- African Social Watchers commit to focusing national coalition energies on monitoring government’s pursuit of the MDGs towards the 2005 Social Watch report. Each national coalition must determine the particular millennium goals to watch and report on.
- African Social Watchers will also work towards delivering sub regional reports and even a regional report for 2005.
- African Social Watchers will adopt an activist posture and will commit to organising around their reports.
The Social Development Agenda
- Despite firm commitments by African governments and tremendous efforts on the part of gender activists across the continent, little concrete or sustainable progress has been made towards gender equality. The legal, economic, health, education, employment status of women remains far worse than that of men in Africa.
Governments have not demonstrated the political will to tackle specific gender discrimination that has been identified by gender rights activists and other section of society. Ritual references to the Beijing agenda have actually become a means of limiting and bureaucratising gender rights campaigns and legitimising other programmes such as PRSPs and NEPAD, which are often injurious to the cause of gender equality. This in turn reflects the continued exclusion of women from decision-making processes.
- Opportunities do however exist for progress in achieving gender equality. The African social movement is increasingly gender sensitive. There is growing global impatience with African governments over this issue. Opportunities also exist in the growing trend towards constitutional rule in Africa for gender activism.
- African social watchers commit to raising domestic consciousness about the commitments our governments have made within the framework of the United Nations and their failure to meet these obligations and in mobilising to demand immediate action on this front.
- African Social Watchers recognise that most national coalitions are weak, passive and inconsistent in our practice. In most cases, the coalition is driven by a single CSO or network that organises Social Watch as a peripheral activity.
Accordingly, interest and activity has tended to peak annually around the launch of annual reports to the media and immediate lobbying of government and international agencies. Between annual media launches, national coalitions relapse into inactivity. Few national coalitions have managed to harness the power of Social Watch reports as advocacy tools that can mobilise important marginalised social constituencies for action in the way that social watchers in other continents have managed to do. Linkages with the wider mass movement and the media remain weak.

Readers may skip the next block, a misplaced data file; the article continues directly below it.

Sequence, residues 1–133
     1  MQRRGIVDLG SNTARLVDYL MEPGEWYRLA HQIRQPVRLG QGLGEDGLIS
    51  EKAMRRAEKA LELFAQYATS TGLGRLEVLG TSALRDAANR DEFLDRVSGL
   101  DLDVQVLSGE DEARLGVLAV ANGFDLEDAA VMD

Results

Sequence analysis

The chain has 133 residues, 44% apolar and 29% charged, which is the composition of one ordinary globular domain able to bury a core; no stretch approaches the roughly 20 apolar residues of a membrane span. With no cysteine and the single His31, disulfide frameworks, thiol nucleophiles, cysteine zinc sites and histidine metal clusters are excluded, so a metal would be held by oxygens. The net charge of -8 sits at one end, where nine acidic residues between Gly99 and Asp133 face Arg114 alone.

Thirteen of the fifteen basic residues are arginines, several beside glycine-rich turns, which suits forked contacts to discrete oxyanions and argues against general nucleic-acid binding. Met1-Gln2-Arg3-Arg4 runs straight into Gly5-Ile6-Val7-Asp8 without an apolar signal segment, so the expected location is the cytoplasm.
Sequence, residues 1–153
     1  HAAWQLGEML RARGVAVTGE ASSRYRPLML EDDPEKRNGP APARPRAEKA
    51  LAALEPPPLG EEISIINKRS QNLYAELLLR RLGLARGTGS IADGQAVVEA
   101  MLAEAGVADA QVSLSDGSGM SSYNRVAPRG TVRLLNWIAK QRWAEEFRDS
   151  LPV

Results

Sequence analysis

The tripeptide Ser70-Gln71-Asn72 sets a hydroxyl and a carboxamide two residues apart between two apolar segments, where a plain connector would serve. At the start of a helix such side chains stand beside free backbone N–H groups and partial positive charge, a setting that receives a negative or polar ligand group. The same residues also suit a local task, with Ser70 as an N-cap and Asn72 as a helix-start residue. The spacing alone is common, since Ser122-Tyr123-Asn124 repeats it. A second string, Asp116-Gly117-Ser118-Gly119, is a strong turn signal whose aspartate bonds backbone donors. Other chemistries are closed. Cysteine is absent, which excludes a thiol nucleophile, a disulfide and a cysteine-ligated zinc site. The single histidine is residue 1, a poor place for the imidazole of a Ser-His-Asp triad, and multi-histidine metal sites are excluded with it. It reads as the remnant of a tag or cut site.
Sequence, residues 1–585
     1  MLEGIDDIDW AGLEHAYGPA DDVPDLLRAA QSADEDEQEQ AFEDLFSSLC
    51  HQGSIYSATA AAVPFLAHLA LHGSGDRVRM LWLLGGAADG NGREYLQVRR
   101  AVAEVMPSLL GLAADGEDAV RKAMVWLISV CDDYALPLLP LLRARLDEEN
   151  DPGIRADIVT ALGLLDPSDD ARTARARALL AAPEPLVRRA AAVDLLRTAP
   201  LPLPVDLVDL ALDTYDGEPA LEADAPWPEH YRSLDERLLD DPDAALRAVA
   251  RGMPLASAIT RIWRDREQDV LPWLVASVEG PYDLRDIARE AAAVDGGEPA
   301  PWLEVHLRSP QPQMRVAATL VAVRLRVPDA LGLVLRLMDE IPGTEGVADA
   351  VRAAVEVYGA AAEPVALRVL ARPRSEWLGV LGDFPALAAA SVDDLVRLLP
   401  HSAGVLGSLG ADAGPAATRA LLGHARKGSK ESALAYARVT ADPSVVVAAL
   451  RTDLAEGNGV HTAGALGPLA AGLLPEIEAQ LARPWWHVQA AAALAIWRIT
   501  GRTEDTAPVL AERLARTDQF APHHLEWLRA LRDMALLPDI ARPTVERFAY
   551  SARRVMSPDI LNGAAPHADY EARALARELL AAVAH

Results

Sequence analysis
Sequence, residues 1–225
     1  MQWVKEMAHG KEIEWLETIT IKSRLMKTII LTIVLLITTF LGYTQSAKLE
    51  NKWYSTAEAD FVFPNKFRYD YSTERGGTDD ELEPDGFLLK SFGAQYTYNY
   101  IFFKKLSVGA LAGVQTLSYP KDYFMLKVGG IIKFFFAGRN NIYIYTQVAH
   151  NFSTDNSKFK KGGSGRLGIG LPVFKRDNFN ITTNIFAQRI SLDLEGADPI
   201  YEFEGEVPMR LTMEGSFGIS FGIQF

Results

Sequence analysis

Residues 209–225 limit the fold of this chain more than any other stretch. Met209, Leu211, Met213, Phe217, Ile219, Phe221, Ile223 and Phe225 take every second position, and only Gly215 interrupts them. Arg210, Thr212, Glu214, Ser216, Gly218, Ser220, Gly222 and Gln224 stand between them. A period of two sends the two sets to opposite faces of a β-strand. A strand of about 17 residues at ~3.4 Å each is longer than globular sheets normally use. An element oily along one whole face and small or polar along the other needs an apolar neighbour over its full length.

- African Social Watchers recognise that these opportunities exist and will organise to use them. Global and comparative information exposing the common features of our development crises and the global character of campaigns is a powerful tool for mobilisation. National level creativity regarding the means of advocacy and mobilisation important opportunities for advocacy on the Social Watch platform and to organise wide sections of youth, women.
- In the year ahead African Social Watchers will work to bring Africa fully in to the world Social Watch movement. We will:
a. develop a calendar of strategic international events around which governments can be called to account and adopt a graduated programme of mass mobilisations towards the September 2005 UN review of the achievements of Beijing and Copenhagen commitments in September 2005. Possible events to include in this calendar include media conferences on the Dar es Salaam meeting, the just ended World Summit on Hunger, the Scotland G8 meeting in July 2005, and the WTO ministerial meeting in Hong Kong in December 2005 as well as AU and sub-regional grouping events.
b. establish regular e-mail contact between national campaigns, possible a list serve and an electronic newsletter for African watchers as the first step towards a continental report.
c. work to hold an annual review meeting to strengthen continental cooperation.
d. begin to work in particular with Asia and Latin American Social Watch coalitions to strengthen the third world perspective in the global Social Watch coalition.